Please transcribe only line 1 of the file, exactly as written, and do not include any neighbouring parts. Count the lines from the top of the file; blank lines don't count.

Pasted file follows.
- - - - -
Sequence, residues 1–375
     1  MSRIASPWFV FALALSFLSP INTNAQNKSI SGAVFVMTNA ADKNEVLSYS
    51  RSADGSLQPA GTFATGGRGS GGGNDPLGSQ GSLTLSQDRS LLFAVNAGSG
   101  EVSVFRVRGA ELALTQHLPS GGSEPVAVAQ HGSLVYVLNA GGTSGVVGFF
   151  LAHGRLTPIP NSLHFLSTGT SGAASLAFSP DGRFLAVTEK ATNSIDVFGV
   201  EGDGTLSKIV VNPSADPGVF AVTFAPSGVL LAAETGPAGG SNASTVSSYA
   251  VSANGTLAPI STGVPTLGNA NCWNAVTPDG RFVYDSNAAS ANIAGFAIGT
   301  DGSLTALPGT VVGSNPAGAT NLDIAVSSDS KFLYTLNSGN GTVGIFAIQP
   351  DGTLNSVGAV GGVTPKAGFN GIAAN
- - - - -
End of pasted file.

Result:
Sequence, residues 1–375